• What to do? Buy directly from the manufacturer.
      • This nonprofit “buys bulk orders of masks and breaks them up so people can buy smaller batches”: ProjectN95.org
      • Trustworthy manufacturers include the following, but usually only sell in bulk: www.Bonafidemasks.com (also recommended by Mask Nerd) & www.demetech.us.
  5. Wirecutter, the New York Time’s review site, has tested many masks and recommended four (but two of them are surgical masks, which are problematic per the next item): www.nytimes.com/wirecutter/reviews/where-to-buy-n95-kn95-masks-online/
    • *You might consider crosschecking these picks with Mask Nerd’s testing data in #1, above.
  6. What about masks for kids!?!
  7. Are reusable cloth masks over? Not necessarily– these fabric masks have high quality certifications:
  8. Disposable surgical masks, though more comfortable & cheap, are just too loose as demonstrated by this video from Professor of Chemistry Dr. Jose-Luis Jimenez (@jljcolorado) & shared by Epidemiologist Dr. Eric Fiegl-Ding: twitter.com/DrEricDing/status/1425509411267690500
  9. The Masks4All Reddit community shares thoughts, tips, and hot sales: www.reddit.com/r/Masks4All/
    • The folks in this community are gems… but it can’t hurt to double-check any suggestions to ensure you’re buying from a reputable source. And, you might consider crosschecking any suggestions with Mask Nerd’s testing data in #1, above.
  10. If you’ve already bought a slew of masks and suspect they’re not up to par, toss a cloth mask over top to breathe easier (metaphorically).
  11. How to reuse masks!? I wish this topic were discussed a bit more…
    • Here’s one of the better explanations I’ve seen from arstechnica.com/science/2021/03/mask-up-how-to-choose-and-maintain-the-best-masks-for-use-against-covid-19/#h14:
      • Do not reuse disposable surgical masks.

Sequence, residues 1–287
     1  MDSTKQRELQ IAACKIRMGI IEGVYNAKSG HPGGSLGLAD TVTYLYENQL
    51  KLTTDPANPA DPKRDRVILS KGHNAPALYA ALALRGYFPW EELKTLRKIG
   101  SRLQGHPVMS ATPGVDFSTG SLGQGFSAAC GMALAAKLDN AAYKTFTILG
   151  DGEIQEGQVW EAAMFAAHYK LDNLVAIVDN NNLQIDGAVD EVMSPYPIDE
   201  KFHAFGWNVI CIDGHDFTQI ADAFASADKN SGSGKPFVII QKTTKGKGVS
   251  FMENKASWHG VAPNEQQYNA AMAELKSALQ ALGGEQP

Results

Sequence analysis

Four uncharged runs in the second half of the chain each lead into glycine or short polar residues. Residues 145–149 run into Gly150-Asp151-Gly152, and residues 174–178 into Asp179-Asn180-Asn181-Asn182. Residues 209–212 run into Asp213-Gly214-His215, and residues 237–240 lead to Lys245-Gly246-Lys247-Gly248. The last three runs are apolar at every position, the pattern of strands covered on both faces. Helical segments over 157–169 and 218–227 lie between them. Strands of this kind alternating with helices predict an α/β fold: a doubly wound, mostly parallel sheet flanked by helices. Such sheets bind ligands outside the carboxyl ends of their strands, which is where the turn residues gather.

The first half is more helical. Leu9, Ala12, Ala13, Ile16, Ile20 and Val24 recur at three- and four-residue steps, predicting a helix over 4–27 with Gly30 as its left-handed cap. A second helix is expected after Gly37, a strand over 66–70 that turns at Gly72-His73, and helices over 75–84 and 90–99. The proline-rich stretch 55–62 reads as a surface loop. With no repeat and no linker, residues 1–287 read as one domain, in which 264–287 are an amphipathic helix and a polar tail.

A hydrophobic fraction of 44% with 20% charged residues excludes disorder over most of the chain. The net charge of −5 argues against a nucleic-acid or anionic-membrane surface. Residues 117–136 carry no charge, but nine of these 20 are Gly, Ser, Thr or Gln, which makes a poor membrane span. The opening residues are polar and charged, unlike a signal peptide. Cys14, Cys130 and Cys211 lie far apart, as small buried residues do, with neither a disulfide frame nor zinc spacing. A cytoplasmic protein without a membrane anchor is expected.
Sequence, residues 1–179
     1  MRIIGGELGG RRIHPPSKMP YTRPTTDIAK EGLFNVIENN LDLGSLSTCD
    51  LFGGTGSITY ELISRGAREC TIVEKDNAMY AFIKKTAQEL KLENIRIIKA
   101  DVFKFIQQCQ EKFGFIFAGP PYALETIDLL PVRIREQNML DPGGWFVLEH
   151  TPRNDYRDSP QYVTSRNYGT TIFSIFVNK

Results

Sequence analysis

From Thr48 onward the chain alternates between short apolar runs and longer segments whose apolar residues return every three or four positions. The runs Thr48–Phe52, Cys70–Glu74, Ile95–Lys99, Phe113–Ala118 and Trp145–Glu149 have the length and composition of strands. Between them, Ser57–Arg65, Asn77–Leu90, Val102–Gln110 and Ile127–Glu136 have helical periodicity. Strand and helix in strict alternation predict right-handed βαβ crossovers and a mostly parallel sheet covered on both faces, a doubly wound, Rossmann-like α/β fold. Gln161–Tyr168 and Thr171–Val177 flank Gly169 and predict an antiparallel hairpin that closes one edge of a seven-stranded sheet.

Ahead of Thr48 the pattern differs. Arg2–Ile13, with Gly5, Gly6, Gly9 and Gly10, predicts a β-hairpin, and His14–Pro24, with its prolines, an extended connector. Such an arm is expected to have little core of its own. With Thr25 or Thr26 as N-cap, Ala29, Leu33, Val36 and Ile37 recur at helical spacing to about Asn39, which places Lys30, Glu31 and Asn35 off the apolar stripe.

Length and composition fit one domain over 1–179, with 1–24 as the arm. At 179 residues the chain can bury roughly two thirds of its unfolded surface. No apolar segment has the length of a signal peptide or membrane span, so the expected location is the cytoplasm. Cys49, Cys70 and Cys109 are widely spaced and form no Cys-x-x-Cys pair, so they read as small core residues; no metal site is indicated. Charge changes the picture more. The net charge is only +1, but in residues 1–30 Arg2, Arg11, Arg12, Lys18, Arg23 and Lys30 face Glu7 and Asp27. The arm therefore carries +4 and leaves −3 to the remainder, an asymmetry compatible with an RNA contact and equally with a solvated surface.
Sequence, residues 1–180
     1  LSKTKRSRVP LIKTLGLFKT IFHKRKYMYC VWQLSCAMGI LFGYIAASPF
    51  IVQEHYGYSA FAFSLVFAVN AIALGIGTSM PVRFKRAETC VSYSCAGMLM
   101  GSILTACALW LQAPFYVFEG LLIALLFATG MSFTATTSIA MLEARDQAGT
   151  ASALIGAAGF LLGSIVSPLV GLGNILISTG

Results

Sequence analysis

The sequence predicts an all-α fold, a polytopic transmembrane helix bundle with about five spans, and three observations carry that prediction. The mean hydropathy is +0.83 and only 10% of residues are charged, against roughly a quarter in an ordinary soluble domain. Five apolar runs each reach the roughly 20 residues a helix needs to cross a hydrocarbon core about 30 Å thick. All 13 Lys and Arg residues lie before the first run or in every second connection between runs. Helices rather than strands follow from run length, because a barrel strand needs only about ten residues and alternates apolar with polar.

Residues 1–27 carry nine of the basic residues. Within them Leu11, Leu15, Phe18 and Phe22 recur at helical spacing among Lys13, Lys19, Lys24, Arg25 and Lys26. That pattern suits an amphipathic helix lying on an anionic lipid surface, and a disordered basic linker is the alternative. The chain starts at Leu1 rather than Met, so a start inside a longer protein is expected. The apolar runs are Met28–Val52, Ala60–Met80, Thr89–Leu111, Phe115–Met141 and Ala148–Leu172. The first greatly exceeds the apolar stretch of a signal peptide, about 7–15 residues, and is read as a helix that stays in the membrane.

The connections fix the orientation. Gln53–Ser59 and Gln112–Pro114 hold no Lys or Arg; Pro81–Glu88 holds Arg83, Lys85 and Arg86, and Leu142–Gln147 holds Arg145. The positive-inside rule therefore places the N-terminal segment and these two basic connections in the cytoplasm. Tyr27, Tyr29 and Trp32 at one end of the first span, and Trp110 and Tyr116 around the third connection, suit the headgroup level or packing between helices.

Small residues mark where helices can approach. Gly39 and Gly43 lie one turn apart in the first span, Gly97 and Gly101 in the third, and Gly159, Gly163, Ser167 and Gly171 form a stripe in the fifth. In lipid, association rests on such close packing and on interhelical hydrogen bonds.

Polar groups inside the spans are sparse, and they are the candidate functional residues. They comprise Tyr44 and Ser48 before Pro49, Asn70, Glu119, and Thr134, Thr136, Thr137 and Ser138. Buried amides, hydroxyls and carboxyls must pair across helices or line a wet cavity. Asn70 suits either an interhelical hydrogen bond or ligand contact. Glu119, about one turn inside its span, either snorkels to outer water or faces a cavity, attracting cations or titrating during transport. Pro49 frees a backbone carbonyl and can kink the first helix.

• “…The CDC says N95 masks can be used for up to five total uses, not to exceed eight hours collectively.”
      • “…After five uses, the integrity of the mask (its fit in particular) has degraded beyond a safe point for use. The same goes for anything above eight hours of total use. To ensure integrity, users should perform a seal check with each reuse.”
      • “If you’re following these procedures, then a rotation policy that allows for at least a week between each mask’s use, while storing them in individual breathable paper bags in the interim, is highly advisable.”
    • If you buy a high quality fabric mask, be sure to read its specific washing instructions. For example, some masks are machine washable, others should not be submerged, some have a filter insert that cannot be washed, and others can be wiped or sprayed with alcohol every night.

Leave a Reply

Fill in your details below or click an icon to log in:

WordPress.com Logo

You are commenting using your WordPress.com account. Log Out /  Change )

Google photo

You are commenting using your Google account. Log Out /  Change )

Twitter picture

You are commenting using your Twitter account. Log Out /  Change )

Facebook photo

You are commenting using your Facebook account. Log Out /  Change )

Connecting to %s

%d bloggers like this: